By now, you’ve probably heard about the riots at Apple (NASDAQ:AAPL) supplier Foxconn. The site’s facility in China apparently was the flashpoint of a fight that involved as many as 1,000 and resulted in the shutdown of the facility, according to reports.
Investors must let the news cycle play its course, but there are two big questions that traders have to ask themselves:
- What does this mean for Apple stock?
- What does this mean in the greater scheme of China’s economic and political future?
The first question is perhaps the most urgent: What will the effect be on Apple’s share price? The company was at an all-time high above $700 last week on enthusiasm over the iPhone 5, and any reduction in output is sure to damage the bottom line.
Of course, the initial shipments already have been packed up and stocked at merchants — including stores that serve AT&T (NYSE:T), Sprint (NYSE:S) and Verizon (NYSE:VZ) customers, as well as some retailers like Wal-Mart (NYSE:WMT). So you can be sure that the first wave of sales will be filled, no problem.
And as history shows, that first push is the most important. Apple sold 2 million iPhone 5 models in the first 24 hours of preorders, so you can bet Apple was prepared for that kind of demand with initial shipments, or else the launch would be a disaster.
Longer-term, time will tell how much damage has been done to the Apple brand or supply chain. If the riots fade away — with 5,000 Chinese police called in to help push things along — then it shouldn’t have a lasting impact on Apple stock despite shares trading down slightly this morning. But if events at Foxconn continue as some broader protest against worker conditions, it could be disastrous.
Take this, from the New York Times:
“Disturbances at factories have become increasingly common in China, rights groups say, as laborers have begun to demand higher pay and better conditions.
Geoffrey Crothall, spokesman for the China Labor Bulletin, a nonprofit advocacy group in Hong Kong seeking collective bargaining and other protections for workers in mainland China, said workers in China had become increasingly emboldened.
‘They’re more willing to stand up for their rights, to stand up to injustice,’ he said, adding that damage to factory buildings and equipment still appeared to be unusual, occurring in fewer than 1 in 20 protests.”
You can bet Wall Street will be watching closely.
The bigger question here, of course, is how you feel as an investor when your beloved profit-maker is associated with such an ugly scene. I personally own Apple stock, and the idea of a Chinese authorities cracking down on a worker protest doesn’t sit well with me. However, I am not naïve enough to think that you can wave a magic wand and give China democracy and fair wages overnight.
The sad reality of an emerging economy is that growth and justice take time. That doesn’t sit well with many Americans, particularly doe-eyed optimists.
Consider this 2009 column from liberal activist Nicholas Kristof, where he refers to the “dream” of working in a sweatshop for those who live in even worse squalor. Kristof has long championed against human rights abuses and social injustices, and his causes include the conflict in Darfur and human trafficking.
It’s a stark and wrenching read, but here’s the gist: In Phnom Penh, Cambodia, there is a literal mountain of festering garbage and human waste that takes a half-hour to hike across — and some families actually live on top of the filth, sifting through the trash to survive. Kristof says for these unfortunates, life in an urban sweatshop would be salvation.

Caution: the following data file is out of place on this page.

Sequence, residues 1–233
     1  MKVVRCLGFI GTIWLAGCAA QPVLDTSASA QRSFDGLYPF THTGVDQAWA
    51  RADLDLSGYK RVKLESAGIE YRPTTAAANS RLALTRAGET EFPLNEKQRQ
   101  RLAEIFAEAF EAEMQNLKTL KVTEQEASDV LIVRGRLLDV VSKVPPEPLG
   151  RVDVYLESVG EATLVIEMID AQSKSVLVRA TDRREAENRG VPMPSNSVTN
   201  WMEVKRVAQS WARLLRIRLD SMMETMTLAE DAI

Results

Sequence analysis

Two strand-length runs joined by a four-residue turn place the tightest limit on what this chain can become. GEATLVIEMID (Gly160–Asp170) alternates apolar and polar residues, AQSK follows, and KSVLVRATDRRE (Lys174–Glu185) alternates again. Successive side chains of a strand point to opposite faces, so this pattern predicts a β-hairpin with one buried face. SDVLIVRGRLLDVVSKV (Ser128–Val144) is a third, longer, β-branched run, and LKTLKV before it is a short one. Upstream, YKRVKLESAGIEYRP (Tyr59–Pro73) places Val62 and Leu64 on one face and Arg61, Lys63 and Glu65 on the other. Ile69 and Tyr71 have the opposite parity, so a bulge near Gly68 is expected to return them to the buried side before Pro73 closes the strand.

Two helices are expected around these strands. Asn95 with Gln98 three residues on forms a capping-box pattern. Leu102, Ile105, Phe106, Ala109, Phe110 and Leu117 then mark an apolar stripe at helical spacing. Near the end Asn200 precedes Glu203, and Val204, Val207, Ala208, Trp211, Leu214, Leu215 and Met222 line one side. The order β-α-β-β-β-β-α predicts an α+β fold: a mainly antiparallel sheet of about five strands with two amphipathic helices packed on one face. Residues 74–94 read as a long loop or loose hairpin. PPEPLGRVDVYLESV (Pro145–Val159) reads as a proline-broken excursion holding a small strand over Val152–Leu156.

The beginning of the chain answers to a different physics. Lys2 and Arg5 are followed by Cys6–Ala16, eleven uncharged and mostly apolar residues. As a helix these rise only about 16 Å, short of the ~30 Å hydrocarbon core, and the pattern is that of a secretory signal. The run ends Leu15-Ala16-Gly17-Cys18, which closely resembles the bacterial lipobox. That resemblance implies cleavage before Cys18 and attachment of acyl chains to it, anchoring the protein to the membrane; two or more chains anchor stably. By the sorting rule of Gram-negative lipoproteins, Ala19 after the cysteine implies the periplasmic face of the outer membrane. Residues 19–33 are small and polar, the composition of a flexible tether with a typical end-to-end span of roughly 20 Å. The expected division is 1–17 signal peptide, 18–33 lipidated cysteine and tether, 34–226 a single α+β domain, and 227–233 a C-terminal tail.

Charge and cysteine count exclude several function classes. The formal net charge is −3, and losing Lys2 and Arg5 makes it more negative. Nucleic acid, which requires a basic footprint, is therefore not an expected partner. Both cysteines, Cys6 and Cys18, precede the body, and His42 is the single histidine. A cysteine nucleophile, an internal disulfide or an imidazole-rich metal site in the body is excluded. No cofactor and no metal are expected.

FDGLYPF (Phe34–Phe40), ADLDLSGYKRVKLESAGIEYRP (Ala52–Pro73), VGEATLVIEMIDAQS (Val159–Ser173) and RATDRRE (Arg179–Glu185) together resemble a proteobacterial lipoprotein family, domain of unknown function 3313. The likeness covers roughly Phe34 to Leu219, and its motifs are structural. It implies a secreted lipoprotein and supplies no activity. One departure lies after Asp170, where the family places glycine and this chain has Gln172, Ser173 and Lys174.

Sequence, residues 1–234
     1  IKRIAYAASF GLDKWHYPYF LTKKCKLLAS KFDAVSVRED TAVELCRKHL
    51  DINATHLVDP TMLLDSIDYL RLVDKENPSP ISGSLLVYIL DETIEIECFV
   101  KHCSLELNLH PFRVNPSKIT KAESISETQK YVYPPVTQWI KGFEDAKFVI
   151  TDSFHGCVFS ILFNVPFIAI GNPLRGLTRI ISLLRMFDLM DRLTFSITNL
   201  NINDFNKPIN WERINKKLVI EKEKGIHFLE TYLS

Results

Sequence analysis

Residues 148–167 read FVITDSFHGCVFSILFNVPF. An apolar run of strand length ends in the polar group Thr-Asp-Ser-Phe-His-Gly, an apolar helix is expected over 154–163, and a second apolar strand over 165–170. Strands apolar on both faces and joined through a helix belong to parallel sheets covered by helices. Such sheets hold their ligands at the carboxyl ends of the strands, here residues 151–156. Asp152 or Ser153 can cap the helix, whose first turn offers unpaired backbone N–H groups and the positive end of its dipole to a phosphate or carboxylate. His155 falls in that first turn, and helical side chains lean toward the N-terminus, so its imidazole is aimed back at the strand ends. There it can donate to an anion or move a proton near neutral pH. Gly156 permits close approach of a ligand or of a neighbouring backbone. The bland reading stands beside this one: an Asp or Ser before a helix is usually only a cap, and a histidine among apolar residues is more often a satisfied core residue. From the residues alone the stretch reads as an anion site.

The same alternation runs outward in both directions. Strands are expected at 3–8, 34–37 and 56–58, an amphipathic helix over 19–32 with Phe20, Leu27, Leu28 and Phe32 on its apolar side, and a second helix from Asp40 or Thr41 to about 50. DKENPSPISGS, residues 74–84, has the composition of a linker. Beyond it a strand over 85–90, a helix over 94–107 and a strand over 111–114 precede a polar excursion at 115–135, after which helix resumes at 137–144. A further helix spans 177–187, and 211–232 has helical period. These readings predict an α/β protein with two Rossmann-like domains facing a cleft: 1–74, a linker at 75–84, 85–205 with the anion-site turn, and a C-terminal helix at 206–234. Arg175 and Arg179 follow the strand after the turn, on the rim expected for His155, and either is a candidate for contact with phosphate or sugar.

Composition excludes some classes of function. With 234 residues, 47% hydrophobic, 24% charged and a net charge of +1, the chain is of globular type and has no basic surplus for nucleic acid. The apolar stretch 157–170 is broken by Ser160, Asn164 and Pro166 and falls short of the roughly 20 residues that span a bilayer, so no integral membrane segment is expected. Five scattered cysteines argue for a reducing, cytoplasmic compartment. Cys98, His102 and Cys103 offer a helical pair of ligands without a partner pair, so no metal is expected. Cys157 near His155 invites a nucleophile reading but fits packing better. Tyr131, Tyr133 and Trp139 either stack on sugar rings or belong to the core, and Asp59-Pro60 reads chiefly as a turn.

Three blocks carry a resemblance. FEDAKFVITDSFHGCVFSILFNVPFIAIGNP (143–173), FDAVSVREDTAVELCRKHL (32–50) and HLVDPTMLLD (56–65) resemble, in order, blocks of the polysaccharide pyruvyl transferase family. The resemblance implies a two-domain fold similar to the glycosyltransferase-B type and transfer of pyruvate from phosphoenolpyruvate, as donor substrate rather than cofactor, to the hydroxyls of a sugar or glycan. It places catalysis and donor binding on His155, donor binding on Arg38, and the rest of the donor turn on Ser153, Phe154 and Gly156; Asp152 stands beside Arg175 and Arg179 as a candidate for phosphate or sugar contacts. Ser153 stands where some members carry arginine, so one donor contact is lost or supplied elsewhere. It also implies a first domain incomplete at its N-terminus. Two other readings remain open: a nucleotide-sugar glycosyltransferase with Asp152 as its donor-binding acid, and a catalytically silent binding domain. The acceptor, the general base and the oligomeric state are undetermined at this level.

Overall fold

Here’s an excerpt:
“Talk to these families in the dump, and a job in a sweatshop is a cherished dream, an escalator out of poverty, the kind of gauzy if probably unrealistic ambition that parents everywhere often have for their children.
‘I’d love to get a job in a factory,’ said Pim Srey Rath, a 19-year-old woman scavenging for plastic. ‘At least that work is in the shade. Here is where it’s hot.'”
In short: It’s a matter of perspective. And the slow march of progress, while not fast enough for some in the West, is indeed raising standards of living in emerging markets like Cambodia — or, more to the point, China.
Could the march of progress be faster? Maybe. But if you think Apple dishing out 100% raises to its staff fixes the command-and-control nonsense in Beijing or a Chinese information superhighway stuck in second gear thanks to blocked websites and censorship … well, it’s just not that simple.
Perhaps this is self-justification, a way for me to sleep well at night despite my investment.
After all, you can’t always make the argument of sweatshop vs. garbage heap. The situation becomes stickier when you talk about companies like Caterpillar (NYSE:CAT), which is notorious for union-busting and demanding big concessions even as it turns big profits. Or Boeing (NYSE:BA), which tried to move a production facility simply to avoid unionization. These are companies operating in America, after all, not a cesspool in Phnom Penh.
But that’s the thing — in this complex global economy, in many ways the situations are closely related. Because cheap labor overseas is precisely what’s driving down the wages of manufacturers at home. And one could argue that’s “fair.”
The days of a UAW assembly-line worker making $75,000 a year and retiring at 80% pay are long gone, and should be in this global economy. The reason auto workers in South Carolina get $10 an hour nowadays is because they need jobs and will work for the wage — and if they refuse, BMW can take its plant to Mexico or South America where costs are cheaper.
After all, one man’s sweatshop is another man’s salvation.
Jeff Reeves is the editor of InvestorPlace.com and the author of “The Frugal Investor’s Guide to Finding Great Stocks.” Write him at firstname.lastname@example.org or follow him on Twitter via@JeffReevesIP. As of this writing, he owned a long position in Apple.